Will Lower Interest Rates Help?

Pumping more monetary stimulus into the economy will not do much good because Americans will just send much of it to foreign nations for goods, commodities and debt payments. The value of the dollar (which is already moribund), would most certainly go into a precipitous decline. Because globalization moves money and the means of production around so easily, a surge in fiscal stimulus may not do much to create new jobs in America (or for that matter, in Western Europe or other OECD nations – they all have the same problem). Smaller Federal budget deficits become impossible. Raising taxes would only exacerbate the consumer’s financial quandary. Taxing the rich only serves to increase welfare spending and encourages high rollers to send their money elsewhere.

This scenario will play out – no matter which political party is in power. Liberal ideology hates globalization, but it is reality. Conservative ideology likes to think in terms of global markets, but there is no way to control the economic outcome.

So. We must confront THE essential question. What event, what trend, and/or what circumstance will prompt foreign nationals to decide they must – in their selfish-best-interest – dump American debt?

  • It could be the stock market. As of the date of this essay, both the American and the international markets appear edgy. In my opinion, another leg down is certain. Decreasing stock values will rattle the currency markets and increase the fear factor among debt holders.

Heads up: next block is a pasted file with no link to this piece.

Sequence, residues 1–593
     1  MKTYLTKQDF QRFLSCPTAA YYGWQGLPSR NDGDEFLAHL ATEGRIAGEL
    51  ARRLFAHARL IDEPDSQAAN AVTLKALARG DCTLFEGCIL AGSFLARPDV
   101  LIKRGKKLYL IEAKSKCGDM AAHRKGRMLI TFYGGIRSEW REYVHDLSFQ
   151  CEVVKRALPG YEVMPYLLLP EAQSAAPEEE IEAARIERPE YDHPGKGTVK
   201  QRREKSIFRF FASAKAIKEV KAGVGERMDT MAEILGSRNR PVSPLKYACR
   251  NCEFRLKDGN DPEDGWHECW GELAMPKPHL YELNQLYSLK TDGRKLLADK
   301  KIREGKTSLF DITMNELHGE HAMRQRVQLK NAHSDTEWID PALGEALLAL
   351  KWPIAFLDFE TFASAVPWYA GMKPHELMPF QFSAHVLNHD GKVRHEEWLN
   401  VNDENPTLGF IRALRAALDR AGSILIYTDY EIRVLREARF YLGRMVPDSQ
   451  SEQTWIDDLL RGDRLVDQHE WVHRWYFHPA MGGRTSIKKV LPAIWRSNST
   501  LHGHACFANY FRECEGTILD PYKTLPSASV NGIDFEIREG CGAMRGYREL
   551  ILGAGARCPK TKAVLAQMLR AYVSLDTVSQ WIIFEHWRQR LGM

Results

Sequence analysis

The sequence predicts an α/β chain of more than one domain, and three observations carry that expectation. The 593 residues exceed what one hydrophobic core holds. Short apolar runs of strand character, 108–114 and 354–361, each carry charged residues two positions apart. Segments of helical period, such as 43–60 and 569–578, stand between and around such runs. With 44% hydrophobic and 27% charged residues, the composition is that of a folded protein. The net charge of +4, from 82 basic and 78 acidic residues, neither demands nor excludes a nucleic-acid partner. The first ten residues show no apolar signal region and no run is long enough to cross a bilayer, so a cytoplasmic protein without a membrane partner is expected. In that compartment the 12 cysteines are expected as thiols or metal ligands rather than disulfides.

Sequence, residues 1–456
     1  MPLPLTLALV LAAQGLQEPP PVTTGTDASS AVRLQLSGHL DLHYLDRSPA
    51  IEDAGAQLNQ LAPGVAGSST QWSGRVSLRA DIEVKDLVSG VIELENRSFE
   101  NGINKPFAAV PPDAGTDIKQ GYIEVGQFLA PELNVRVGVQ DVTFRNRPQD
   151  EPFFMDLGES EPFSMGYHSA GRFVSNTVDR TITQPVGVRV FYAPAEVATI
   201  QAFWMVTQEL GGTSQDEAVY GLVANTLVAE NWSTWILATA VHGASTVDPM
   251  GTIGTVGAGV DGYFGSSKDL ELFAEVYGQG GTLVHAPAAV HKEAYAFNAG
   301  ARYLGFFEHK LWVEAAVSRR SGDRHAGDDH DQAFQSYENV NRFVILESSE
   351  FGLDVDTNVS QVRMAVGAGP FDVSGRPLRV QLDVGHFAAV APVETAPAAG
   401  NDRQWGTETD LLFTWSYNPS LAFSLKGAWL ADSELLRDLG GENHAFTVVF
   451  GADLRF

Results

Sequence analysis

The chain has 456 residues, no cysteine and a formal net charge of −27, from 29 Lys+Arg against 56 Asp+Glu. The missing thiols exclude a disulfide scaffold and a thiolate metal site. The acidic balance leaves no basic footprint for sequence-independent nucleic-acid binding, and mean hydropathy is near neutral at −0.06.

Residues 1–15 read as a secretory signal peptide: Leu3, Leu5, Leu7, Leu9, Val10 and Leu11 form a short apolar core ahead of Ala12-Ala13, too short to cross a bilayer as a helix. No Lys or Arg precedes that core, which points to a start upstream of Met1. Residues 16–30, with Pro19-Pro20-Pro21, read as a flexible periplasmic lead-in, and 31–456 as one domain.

• It could be a growing fear of recession. In my opinion we are heading for a period of declining GDP. Weakness in the housing market, along with trends discussed elsewhere in this essay, work against the economic health of the world economy.
  • It could (easily) be an event in the oil market. Iraq and Saudi Arabia remain vulnerable to disruptive attacks on their respective oil production and transportation infrastructures. American refining capacity is tight, particularly in California where increasing demand is on a course to collide with inadequate supply. Both Iran and Argentina would like to disrupt oil deliveries to the United States. (Although that remains a possibility, both nations need a flow of oil revenues to support their economic and social programs.) And there is always the panic of a disruptive weather event.

So. What is the risk? Will the fear of unknown probability cause more panic than the event itself? In the currency markets, perception is often more important than reality.